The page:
Workshop 2 Electoral Politics
This program shows the conclusion of a 12-week civic engagement unit developed by the national Student Voices program. José Velazquez's 12th-grade students at University High School in New Jersey divide into small groups to brainstorm and research community issues, prioritize the issues on the basis of what they have learned, present their findings to the class both orally and through a visual presentation, and develop a whole-class consensus on a youth agenda that they present to the mayoral candidates in a televised question-and-answer forum. The methodologies highlighted in this lesson include issue identification and consensus building.
Workshop 3 Public Policy and the Federal Budget
Leslie Martin's ninth-graders at West Forsyth High School in North Carolina create, present, revise, and defend a federal budget, and then reflect on what they have learned. After assuming the roles of the President and his or her advisors to create a federal budget, students are introduced to the actual 2001 federal budget, and in a whole-class discussion, discuss some key concepts involved in creating it. Next, students return to cooperative learning groups, revise their budgets based on what they learned, present their revised budgets, and simulate a Congressional hearing. This lesson highlights the integration of teacher-directed instruction with small-group work.
Workshop 4 Constitutional Convention
Matt Johnson teaches an AP Comparative Government class to seniors at Benjamin Banneker Senior High School in Washington, DC. In this lesson, his 12th-grade students create a constitution for a hypothetical country called Permistan. Matt Johnson uses this lesson to help students review for their final exam and the AP exam by having them draw on what they have learned during the semester about international governments. Students work in cooperative learning groups to discuss and debate issues relating to the executive and legislative branches of government. The lesson closes with a simulation of a constitutional convention. Simulation is the primary methodology highlighted in this lesson.
Workshop 5 Patriotism and Foreign Policy
The students in this program are seniors at the Duke Ellington School of the Arts, a public magnet school in Washington, DC. In this lesson, U.S. government teacher Alice Chandler has her students create a Museum of Patriotism and Foreign Policy. The lesson alternates between whole-class discussion and small-group committee work as students create a gallery for the museum using their respective arts concentration as the medium. The lesson concludes with students presenting their gallery contributions in dance, music, theatrical performances, and visual presentations, along with rationales for their selections. This lesson highlights small-group work as a constructivist methodology.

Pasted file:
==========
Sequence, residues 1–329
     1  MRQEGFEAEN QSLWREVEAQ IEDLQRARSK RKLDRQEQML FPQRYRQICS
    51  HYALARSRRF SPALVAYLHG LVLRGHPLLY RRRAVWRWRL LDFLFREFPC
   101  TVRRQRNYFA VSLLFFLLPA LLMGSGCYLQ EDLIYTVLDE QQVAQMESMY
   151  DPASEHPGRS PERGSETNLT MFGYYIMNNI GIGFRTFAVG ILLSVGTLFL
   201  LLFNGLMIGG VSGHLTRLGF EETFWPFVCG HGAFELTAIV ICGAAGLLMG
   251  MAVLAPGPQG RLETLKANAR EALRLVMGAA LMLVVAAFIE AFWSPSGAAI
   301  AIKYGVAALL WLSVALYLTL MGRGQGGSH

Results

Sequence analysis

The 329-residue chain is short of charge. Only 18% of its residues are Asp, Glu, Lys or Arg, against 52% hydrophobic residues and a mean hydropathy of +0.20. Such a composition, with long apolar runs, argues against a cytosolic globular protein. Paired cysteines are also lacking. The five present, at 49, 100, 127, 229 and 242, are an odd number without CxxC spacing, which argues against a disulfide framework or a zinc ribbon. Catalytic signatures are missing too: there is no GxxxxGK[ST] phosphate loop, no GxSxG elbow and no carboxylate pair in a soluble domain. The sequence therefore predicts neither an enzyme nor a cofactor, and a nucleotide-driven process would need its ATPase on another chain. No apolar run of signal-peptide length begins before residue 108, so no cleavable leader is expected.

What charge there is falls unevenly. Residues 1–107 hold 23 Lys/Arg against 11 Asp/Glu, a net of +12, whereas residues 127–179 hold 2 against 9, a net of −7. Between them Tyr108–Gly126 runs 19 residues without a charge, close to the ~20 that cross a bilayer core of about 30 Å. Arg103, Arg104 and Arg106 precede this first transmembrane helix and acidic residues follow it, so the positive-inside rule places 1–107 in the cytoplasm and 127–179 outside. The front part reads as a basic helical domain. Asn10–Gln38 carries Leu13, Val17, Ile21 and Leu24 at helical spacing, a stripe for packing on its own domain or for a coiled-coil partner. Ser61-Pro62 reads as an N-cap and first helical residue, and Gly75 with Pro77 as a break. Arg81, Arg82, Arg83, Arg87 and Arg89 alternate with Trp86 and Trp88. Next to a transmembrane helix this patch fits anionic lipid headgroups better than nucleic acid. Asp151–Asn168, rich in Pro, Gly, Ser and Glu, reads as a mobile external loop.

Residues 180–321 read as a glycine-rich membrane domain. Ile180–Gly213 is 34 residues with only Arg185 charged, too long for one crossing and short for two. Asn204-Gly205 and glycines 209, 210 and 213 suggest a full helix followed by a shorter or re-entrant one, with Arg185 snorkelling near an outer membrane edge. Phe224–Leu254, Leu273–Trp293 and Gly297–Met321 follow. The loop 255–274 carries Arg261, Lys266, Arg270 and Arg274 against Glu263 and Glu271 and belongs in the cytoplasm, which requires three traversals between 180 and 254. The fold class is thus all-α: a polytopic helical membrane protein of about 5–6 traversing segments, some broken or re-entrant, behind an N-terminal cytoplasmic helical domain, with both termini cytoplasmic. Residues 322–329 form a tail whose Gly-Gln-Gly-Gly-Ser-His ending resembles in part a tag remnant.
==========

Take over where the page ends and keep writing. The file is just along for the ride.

Workshop 6 Civic Engagement
This program shows a group of 11th- and 12th-grade students at Anoka High School in Minnesota engaging in service learning — a requirement for graduation. In this human geography class taught by Bill Mittlefehldt, students work in teams to define a project, choose and meet with a community partner who can help educate them about the issue and its current status, conduct further research, and present the problem and a proposed solution first to their peers, and then to a special session of the Anoka City Council. The primary methodology presented in this lesson is service learning.
Workshop 7 Controversial Public Policy Issues
In this 12th-grade law class at Champlin Park High School in Minnesota, JoEllen Ambrose engages students in a structured discussion of a highly controversial issue — racial profiling — and connects student learning both to their study of due process in constitutional law and police procedure in criminal law. Students begin by completing an opinion poll, which they discuss as a group. Students are then put into pairs in which they conduct research on the topic. Next, students participate in a debate in which each partnership argues both sides of the issue. A debriefing discussion completes the lesson. The methodologies highlighted in this lesson include role playing and structured academic controversy.
Workshop 8 Rights and Responsibilities of Students
Students in Matt Johnson's 12th-grade law course at Benjamin Banneker Senior High School in Washington, DC, engage in a culminating activity to help them review and apply what they have learned. Students write and distribute one-page briefs of Supreme Court cases they have studied. Next, students are assigned to small groups and given hypothetical cases related to student rights cases from the Supreme Court's 2001-2002 term. Students prepare their cases and present them to the Justices. Justices deliberate and present majority and dissenting opinions, after which the class discusses both the process and the disposition of the cases. This lesson highlights the use of case studies for synthesis and analysis.
Supporting Materials Introduction: Making Civics Real
Supplemental material for educators/facilitators